By TM Bernard
The first time I discovered the salacious attraction of porn I was young, perhaps eight. A friend next door found a pack of playing cards with pornographic images on them in her parent’s room, and a group of us huddled in hushed wonderment – filled with fear, fascination and disgust – staring at the photos of men and women engaged in various sex acts. Of course, this was the sort of secret no child could keep, and once my mother found out, she banned me from playing there ever again. I was furious, and secretly glad for it. It was scary.
The next time I ran across nude photos of men and women, we were visiting a friend in a remote, artistic community, the sort of town to have an eclectic and independent bookstore. That’s where I encountered a coffee table book devoted to ‘Nudes.’ Big, bold and filled with hundreds of photos of men, women and children, I sat for a long time on the floor, mesmerized. Instinctively, I knew these were okay to look at; these were different. At the time, I couldn’t explain why.
In the Eye of the Beholder
The continuum of art and porn has fuzzy boundaries. In general, one could say that in art, subjects are honored; in porn, they are (usually) not (I say usually based on the emergence of sex-positive, female centered productions). Most of us are titillated by what we see, even if we don’t want to admit it; it’s important to recognize however, that not all scenes offend.
Could one reason depend on whether the object of our visual lust is naked vs. nude? This idea occurred to me after reading a very unlikely article, wholly unrelated to erotica, by the theologian, Rabbi Bradley Shavit Artson. According to him, there is a difference.
“‘Nudity’ is a state of personal intimacy and trust, without pretense or artifice,” he has written. “‘Nakedness’, on the other hand, entails more than an absence of clothing – it is a mental state (both for the person lacking garments and for those observing the undressed body).”
What’s more, Artson believes that, “to be naked is to lack an element of protection, to be stripped of dignity or decency. Nakedness is about objectification, reducing a person to a mere object to be appraised, to be used.”
If this is the case, then art elevates the nude – photographer, subject and viewer as well – so that we are left with a sense of awe and appreciation for the human form. It appeals to our higher mind. Yes, it is evocative, and quite often we may have a sexual response to it, but that is secondary to rendering us free from shame and embarrassment. Nudity sanctifies the human body, and is therefore art. Pornography exploits the human body, and is therefore not.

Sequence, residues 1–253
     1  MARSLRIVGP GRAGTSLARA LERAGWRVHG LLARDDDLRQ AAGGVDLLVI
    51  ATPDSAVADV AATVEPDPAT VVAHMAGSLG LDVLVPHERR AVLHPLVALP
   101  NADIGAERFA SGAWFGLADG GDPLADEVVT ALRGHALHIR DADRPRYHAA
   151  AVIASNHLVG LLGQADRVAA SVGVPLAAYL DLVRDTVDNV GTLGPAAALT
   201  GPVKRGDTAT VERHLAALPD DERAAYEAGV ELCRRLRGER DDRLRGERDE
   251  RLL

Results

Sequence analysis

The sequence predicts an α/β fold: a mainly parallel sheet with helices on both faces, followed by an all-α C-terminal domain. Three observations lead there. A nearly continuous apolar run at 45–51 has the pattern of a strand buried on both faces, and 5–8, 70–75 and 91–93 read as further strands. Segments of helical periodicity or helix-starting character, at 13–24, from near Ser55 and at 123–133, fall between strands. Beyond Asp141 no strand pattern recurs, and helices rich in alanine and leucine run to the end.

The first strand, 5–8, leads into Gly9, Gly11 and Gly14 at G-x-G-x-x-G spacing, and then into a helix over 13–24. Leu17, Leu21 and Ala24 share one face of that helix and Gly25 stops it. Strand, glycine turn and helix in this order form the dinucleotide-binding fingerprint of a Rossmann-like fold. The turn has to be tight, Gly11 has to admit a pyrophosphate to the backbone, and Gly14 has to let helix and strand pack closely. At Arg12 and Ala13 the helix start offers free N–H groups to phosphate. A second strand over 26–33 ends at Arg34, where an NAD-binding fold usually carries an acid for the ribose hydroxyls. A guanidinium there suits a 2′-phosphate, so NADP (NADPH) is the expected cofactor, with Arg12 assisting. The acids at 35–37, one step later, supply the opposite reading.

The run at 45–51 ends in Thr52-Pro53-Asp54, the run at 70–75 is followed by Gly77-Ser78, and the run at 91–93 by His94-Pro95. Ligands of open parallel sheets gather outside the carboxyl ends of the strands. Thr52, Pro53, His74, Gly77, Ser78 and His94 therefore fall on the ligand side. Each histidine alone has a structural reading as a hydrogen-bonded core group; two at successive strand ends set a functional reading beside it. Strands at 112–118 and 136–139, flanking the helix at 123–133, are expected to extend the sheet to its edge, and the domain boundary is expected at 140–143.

Porn, Erotica or Art?
Is this the complete story? The past few years have seen a growing demand for ‘better porn.’ Some viewers want more art in their jollies; aroused by the voyeuristic pleasure of watching others, they prefer class over crass when it comes to private affairs. It’s food for thought: if exploitation was taken out of the mix, and if tenderness, intimacy and awe were put it, than what might we find ourselves enjoying?
Erotica is hardly new. From prehistoric sketches of female forms on cave walls to Japanese shunga, humanity has been codifying coitus with sticks, ink and passion. Eduoard-Henri Avril (21 May 1843–1928) was a French painter and commercial artist who illustrated erotica literature under the pseudonym Paul Avril. His illustrations show men and women, monogamous and not, enjoying their sexual unions; not appropriate for children, but tame compared to that deck of cards a group of kids discovered 30 years ago.
Notice the rapture on the faces of the women, something not usually something seen today, where everything is hot and furious, and a woman’s pleasure is often depicted as secondary to the man’s (and the viewers’). What’s more, the images reveal a total lack of pretense or shame. Whatever is being shared and experienced together is mutual and pleasurable. Natural landscapes and plush settings draw viewers in, not just as voyeurs to the couplings on the page, but also as willing participants. Who wouldn’t want to lounge and love in these surroundings?
Perhaps at the time they were distributed, in the late 1800s, the establishment was outraged. Today, Avril’s creations are a colorful expression of sexuality from a bygone era, as well as evidence that lines between art and pornography have been blurred before.